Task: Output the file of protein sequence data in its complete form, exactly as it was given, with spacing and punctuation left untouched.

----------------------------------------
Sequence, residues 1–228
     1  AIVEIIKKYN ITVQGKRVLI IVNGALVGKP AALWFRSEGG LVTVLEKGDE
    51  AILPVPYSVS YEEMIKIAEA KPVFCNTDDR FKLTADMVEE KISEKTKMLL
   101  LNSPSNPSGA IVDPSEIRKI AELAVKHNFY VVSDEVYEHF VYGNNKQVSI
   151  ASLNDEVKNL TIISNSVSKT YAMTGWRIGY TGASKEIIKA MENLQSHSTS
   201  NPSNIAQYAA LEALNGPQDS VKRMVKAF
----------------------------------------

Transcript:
Sequence, residues 1–228
     1  AIVEIIKKYN ITVQGKRVLI IVNGALVGKP AALWFRSEGG LVTVLEKGDE
    51  AILPVPYSVS YEEMIKIAEA KPVFCNTDDR FKLTADMVEE KISEKTKMLL
   101  LNSPSNPSGA IVDPSEIRKI AELAVKHNFY VVSDEVYEHF VYGNNKQVSI
   151  ASLNDEVKNL TIISNSVSKT YAMTGWRIGY TGASKEIIKA MENLQSHSTS
   201  NPSNIAQYAA LEALNGPQDS VKRMVKAF